When someone suggests that you downplay your décolletage or minimize your large chest, are they boob shaming you? I suspect “yes” would be the answer from Ella Alexander, who wrote, “Is the Décolletage Really Out of Fashion Again?”
Not all of us fall into the industry’s beloved androgynous mould. […] So what are the unfortunate few of us still with unfashionable boobs supposed to do or wear?
Well, the resounding answer is hide them. Don’t let anyone catch a glimpse lest you be labelled “inappropriate”, “tacky” and “brazen”. Forget what you read about displaying your female sexuality; if you are over a C cup it makes the dinosaurs uncomfortable so the best thing for everyone is just to conceal them.
I found Alexander’s article through an Amanda de Cadenet tweet. Given that both Alexander and de Cadenet work in media and were responding to criticism of a red carpet gown for a major media event, I’m not surprised at their perspectives. Given the context, I share it!
The more surprising “yes” comes from a Wall Street veteran–although if you know Tilton, it’s not surprising at all: “I would never send someone home for showing too much cleavage. Women should be able to be smart, sexy and sophisticated in how they dress,” she told the Wall Street Journal writer Joann Lublin.
At the other end of the spectrum, both in her work and personal life, is Ellie Krupnick, a writer I included in my recent roundup:
Sometimes I say screw it and decide to wear a form-fitting sweater or body-con dress. The inevitable result: stares (from other people), fidgeting (my own), and the subsequent self-doubt. It’s not that I hate the way I look in tight dresses; it’s that I don’t like the attention and double-takes, the feeling of carrying around a literal burden.
Krupnick is only writing about herself here, but shifting focus from a large bust is a common reason that busty women are asked to cover up in a corporate setting. In her book Earning It (that I just reviewed on the C&K blog), Lublin shares how Paula Rosput Reynolds, a former chief of Safeco and AGL Resources, approached an executive that she felt was displaying too much cleavage:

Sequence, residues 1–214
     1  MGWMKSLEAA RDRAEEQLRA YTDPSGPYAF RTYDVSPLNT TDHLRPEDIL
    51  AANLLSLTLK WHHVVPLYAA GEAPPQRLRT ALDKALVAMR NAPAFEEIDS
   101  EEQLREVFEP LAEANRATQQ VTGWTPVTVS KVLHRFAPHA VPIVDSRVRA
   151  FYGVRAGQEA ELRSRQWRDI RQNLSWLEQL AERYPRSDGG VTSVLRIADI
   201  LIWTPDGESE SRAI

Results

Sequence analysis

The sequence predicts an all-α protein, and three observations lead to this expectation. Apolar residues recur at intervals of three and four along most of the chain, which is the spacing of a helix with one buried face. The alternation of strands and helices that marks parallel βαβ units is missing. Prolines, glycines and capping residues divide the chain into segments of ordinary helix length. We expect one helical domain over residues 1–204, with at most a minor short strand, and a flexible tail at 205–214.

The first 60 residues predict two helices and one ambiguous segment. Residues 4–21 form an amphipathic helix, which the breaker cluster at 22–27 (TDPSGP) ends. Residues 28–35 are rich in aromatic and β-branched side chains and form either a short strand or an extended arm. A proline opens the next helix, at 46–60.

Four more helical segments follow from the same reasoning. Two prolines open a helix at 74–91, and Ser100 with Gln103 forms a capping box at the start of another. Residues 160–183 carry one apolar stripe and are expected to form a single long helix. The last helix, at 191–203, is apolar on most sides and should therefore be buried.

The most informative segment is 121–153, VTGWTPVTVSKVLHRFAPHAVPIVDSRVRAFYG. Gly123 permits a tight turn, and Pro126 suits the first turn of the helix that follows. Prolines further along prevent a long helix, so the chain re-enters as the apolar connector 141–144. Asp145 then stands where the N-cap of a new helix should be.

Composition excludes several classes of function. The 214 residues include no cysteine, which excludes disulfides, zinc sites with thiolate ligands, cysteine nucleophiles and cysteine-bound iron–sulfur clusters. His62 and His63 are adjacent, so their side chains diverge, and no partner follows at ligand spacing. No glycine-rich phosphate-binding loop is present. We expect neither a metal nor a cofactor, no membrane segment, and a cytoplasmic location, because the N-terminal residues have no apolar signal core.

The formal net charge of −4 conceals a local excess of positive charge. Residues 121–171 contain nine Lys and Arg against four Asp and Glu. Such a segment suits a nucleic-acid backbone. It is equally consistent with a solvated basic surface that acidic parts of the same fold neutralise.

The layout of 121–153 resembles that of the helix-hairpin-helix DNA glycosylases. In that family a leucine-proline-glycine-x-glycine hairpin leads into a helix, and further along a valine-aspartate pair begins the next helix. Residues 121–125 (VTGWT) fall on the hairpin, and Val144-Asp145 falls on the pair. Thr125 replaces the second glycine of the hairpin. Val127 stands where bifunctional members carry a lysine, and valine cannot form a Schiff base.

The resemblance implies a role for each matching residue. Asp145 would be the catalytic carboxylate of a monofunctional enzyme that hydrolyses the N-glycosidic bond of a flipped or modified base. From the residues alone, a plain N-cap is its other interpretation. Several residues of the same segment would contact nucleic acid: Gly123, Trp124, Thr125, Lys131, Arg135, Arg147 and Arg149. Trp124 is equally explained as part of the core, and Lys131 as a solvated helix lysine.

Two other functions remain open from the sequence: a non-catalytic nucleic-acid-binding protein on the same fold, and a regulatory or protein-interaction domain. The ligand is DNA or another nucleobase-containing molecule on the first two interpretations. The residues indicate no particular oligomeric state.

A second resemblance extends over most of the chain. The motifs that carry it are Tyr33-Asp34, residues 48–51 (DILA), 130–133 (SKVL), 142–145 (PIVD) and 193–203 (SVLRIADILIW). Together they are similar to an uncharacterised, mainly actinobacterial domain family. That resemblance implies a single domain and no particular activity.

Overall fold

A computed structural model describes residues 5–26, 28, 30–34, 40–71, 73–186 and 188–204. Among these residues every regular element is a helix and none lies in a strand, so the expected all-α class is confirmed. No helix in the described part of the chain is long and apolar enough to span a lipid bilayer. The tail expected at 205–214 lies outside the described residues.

‘Here is the deal. You are a very attractive woman,’ Reynolds told her lieutenant. But ‘the men on your team joke about what you are wearing, how much cleavage was showing here today.’ The executive began to wear less revealing blouses, though ‘every so often, she regressed,’ Reynolds recollected. ‘She will always be a more flamboyant dresser than I might be.’
In her WSJ article, Lublin relays how a human resources VP for Intel advised three new college graduates against visible bra straps. She told them, “I would hate for people to focus on your bra straps rather than focusing on what you went to college for.”
When I hear that a large-busted woman has been asked to revise her clothing choices, I don’t immediately think, “Boob shaming!” I want more details.
First, why is the person requesting more clothing coverage? It’s never comfortable receiving wardrobe criticism, but there’s a big difference between “You offend me. Put those things away!” and “To get ahead in this company, you may want to consider other ways to dress that put less emphasis on your chest.”
Second, what is the large-busted woman’s goal? In another C&K blog post, I wrote about a very tall customer at our April pop up shop. On a business trip to Japan, her hosts always directed her to the lowest chair at the conference table so that she was the same height as everyone else when seated. She could have refused the offered chair and sat where she pleased, but her goal was to get a deal done. If she had made an issue of where she sat, it wouldn’t have happened. We have every right to dress however we want, but sometimes covering or minimizing a large chest can help us reach a goal.
Finally, who’s suggesting the change? I’m not as outraged by anyone whose job it is to get traffic. If they’re not shaming big boobs, they’re shaming something else. It’s just noise that I can tune out. However, it’s harder to tune out criticism from people who are close to us, especially when it’s unexpected.
We had a 92-year-old neighbor who was very dear to us, but I still remember the time she rang our bell, and I opened the door in a tank top. Her first words were something like, “Good Lord! Put some clothes on!” I accept my large chest and know that I look amazing in a tank top. I also realize that my flat-chested Irish neighbor was born in 1924. But for an hour after that exchange, I had to remind myself that I’m not a freak.